With a powerful pair of performances from Eddie Redmayne and Alicia Vikander, Tom Hooper’s The Danish Girl is dressed to the nines, but can’t quite get under the skin.
Silk Stockingsby Mark Wilshin
CAUTION: Here be spoilers
Opening with reflections of lifeless trees, Tom Hooper’s The Danish Girl is – much like his Oscar-winning The King’s Speech – a very handsome study of affliction. There are the beautiful costumes that Eddie Redmayne’s Einar runs his hands through, and the scarves, dresses and wigs he gets to wear – as well as beautifully lit parties and Danish sets – with orderly streets of ochre houses and receptions in rooms of a fine flint grey. But much like the wintry trees that Einar paints, there is something lurking deep within his reflection – suddenly revealed in a full-frontal mirror sequence (albeit nipped and tucked), where Einar suddenly recognises himself as a woman. The only problem is, Eddie Redmayne’s Einar is already so charming, and his relationship with Gerda so perfect, who are we to want his tawdry identity dredged from the deep?
Copenhagen, 1926. Einar Wegener (Eddie Redmayne) is a successful artist, painting and repainting a familiar motif of leafless trees overlooking the fjord in his hometown of Vejle. His wife Gerda (Alicia Vikander) is also a wannabe artist, earning a living painting portraits, but unable to find her true voice. Until that is, she asks Einar one day to stand in for her friend Ulla (Amber Heard). Donning silk stockings, squeezing into a pair of embroidered flats and striking the pose with a champagne chiffon dress, Einar discovers a new female soul buried deep within. Ulla enters and christens Einar’s alter ego Lili, and it’s not long before Gerda finds her muse, heading out to a party with Lili in Einar’s place. Lili, however, takes on a life of her own, seduced by (homosexual) Henrik (Ben Whishaw) and disappearing out on dates. With their marriage at stake, Einar looks for a cure. But threatened with all sorts of hokum treatments, Einar and Gerda head to Paris, eager to follow their art careers, meet up with childhood friend and art dealer Hans (Matthias Schoenaerts) and find a better solution to their extraordinary problem.
Playing somewhat fast and loose with the details of Einar Wegener’s marriage to lesbian Gerda Gottlieb, rather than a marriage of convenience between two unconventional souls, Einar and Gerda’s romance is revolutionised into a passionate, all-conquering love – at threat from a queer sexuality. And it’s by no means an entirely bad thing, depicting a marriage of equals and raising Gerda’s profile as she struggles – just as much as Einar – to come to terms with the new girl in their conjugal bed. For while it’s a trajectory of self-realisation for Einar, for Gerda it’s a slow stripping away of her husband and best friend, her sexuality and marriage, as she ends up quartered with a sister of sorts, the somewhat neurotic, anorexic Lili. This endless love between Einar and Gerda, however, does undermine the narrative of Einar’s road to womanhood – creating an illusion of heterosexual normalcy until Einar finds himself unable, all of a sudden, to resist the rustle of crisp chiffons.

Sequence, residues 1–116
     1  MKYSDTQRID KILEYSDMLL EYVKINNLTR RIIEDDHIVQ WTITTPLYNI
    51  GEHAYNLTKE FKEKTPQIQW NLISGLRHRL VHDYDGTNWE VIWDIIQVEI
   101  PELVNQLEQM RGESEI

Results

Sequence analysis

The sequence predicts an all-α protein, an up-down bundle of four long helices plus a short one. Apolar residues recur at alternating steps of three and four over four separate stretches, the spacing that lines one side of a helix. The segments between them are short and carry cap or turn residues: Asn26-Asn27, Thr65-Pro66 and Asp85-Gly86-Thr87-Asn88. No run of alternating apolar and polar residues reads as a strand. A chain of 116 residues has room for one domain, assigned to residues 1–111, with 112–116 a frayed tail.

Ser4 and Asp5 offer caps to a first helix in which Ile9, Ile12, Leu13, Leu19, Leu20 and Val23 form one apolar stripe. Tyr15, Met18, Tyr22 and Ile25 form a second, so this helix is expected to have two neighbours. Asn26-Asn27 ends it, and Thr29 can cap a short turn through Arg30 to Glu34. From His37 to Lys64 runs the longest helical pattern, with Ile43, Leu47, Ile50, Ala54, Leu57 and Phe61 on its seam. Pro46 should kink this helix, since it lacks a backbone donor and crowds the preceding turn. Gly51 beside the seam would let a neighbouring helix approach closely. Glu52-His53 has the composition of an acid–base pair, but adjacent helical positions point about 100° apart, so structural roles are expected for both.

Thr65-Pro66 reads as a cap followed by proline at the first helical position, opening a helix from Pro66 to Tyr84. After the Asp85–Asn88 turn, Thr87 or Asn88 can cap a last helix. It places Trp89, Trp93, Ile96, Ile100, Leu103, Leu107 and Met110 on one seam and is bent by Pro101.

Just like the moment when Einar poses for Gerda for the first time, all these “moments” – from Einar running his hands voluptuously along a rack of theatre costumes, to his polished entry into the clinic in Dresden, Hooper chooses the textural and the physical to describe his hero’s yearning, The Danish Girl unfortunately lacking any real understanding of what it might be like to find one’s self trapped in the wrong body. Both Vikander and Redmayne are breathtaking, and while Redmayne’s performance as Lili becomes a slightly mannered array of tilted necks, sinuous arms and eyelids fluttering like newly expupated butterflies, it’s not altogether unjust. But in the end, unable to summon up the raw story of a man unearthing his hidden, illicit identity, The Danish Girl becomes instead a biopic – extravagantly documenting the fatal attempt of Lili Elbe to undergo the first gender reassignment surgery under the knife of Kurt Warnekros (Sebastian Koch).
Ending with the poetic image of Lili’s scarf fluttering over the Velje fjord, The Danish Girl offers a moving closure – both for Gerda, finally released from the pain of watching her husband suffer – and for Einar, who somehow managed to find his true reflection and a verdant life worlds away from the melancholy trees of his youth. And yet, for Hooper’s film, it’s a neat closure that draws an all-too-easy veil over Einar Wegener’s troubled life. Rather than celebrating his revolutionary step forward, The Danish Girl mourns Lili’s passing as if it’s a tragic inevitability, allowing Eddie Redmayne’s luminescent Lili not to go out with a bang, but with a delicately whispered whimper.
The Danish Girl is released on 1st January 2016 in the UK